With answers as varied as the stuff that lines their shelves, we thought it best to let our friends speak for themselves. Scroll thought our slideshow to hear from: Jessica Lee, Colleen Mauer, Emily Holt, Linda Fahey, Isobel Schofield, Kiya Babzani, Basil Racuk, Pauline Montupet, and Debra Dobras.

 

Colleen Mauer, Colleen Mauer Designs

First reaction to Mayor Breed's announcement that retail could open for curbside pickup?

"In all honesty, it makes me a little nervous as there are still so many unknowns with the current situation. Nonetheless, I am excited for a bit of a morale boost for our community."

Do you think the time is right for this limited opening?

"My gut tells me we should be waiting longer to see how things pan out in other areas of the country. I realize everyone is excited for Main Street to reopen and together we can tweak things as we go."

Do you plan to open this week?

"Yes, we will be opening Tuesday to Saturday between 12pm and 4pm for curbside pickup. I have no plans to reopen the store until we have more data to support the effects of [fully] re-opening while in the midst of a pandemic."

Have you been offering any special deals to spur shopping?

"Back in mid-March, CMD began offering virtual shopping sessions for this year's sample sale. This event has always been the biggest and most popular sale of the year among locals. Previously, we held the sale in person at the SF shop. Due to the current health crisis and restrictions for retail businesses, we created a virtual model so we could 'meet' our customers in person. We've been pleasantly surprised by the results of our efforts. I've met with nearly 175 people so far—normally we host 300 to 400 people during the sale so we still have a lot of inventory to sell. We've also been selling sample-sale pieces on Instagram Stories.

Are you doing anything outside of the guidelines that you feel is important?

"We'll make sure that all pickup times are staggered so that no more than one customer comes at a time. And we plan to take care of payment ahead of time so that there doesn't need to be any physical exchange."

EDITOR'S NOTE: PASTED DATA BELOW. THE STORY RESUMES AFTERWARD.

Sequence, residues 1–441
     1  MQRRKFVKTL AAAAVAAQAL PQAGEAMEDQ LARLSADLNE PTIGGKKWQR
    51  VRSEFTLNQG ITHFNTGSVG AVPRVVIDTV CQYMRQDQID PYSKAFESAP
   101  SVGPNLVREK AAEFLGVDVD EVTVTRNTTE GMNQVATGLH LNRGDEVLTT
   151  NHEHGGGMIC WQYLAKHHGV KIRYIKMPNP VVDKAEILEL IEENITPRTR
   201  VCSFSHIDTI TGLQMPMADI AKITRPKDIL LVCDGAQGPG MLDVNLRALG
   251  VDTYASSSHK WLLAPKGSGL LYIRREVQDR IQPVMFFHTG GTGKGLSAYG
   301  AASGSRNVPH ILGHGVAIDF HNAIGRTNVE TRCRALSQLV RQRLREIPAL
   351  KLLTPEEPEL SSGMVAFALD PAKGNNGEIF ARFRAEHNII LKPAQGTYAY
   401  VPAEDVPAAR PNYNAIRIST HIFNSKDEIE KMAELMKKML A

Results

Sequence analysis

Are your employees ready and willing to get back to work?

"They are, but we're only having a small crew working remotely until things start to pick up again. One of my production workers is still able to produce jewelry from her home studio in Upstate New York. My marketing gal is also remote from the East Coast. I don't plan to hire back our entire team until we have the revenue to support them."

Generally, how has your business been doing since shelter in place and were you already prepared with an online shopping site?

"Considering the circumstances, we've had a rather successful couple of months. We started meeting customers via FaceTime the week that SF's shelter in place began. We put a landing page on our website so that customers could easily sign up for a virtual appointment. Fortunately, our new website was launched at the end of 2019 so we felt prepared for more online shopping."

Has there been any point during the pandemic where you thought you may have to permanently shutter your brick-and-mortar?

"Yes…and it's still a real possibility though I'm staying optimistic and patient while we see how things pan out."

Anything else you want to add?

"My heart feels warm in so many ways—I've seen our neighbors come out of the woodwork to support one another. I'm excited to see a vibrant Valencia once again."

 

// Colleen Mauer Designs, 1406-B Valencia St. (Mission), colleenmauerdesigns.com, @colleenmauerdesigns

 

Read the original article on the 7x7 website at https://www.7x7.com/sf-shops-reopen-curbside-retail-covid-19-2646015663/colleen-mauer-colleen-mauer-designs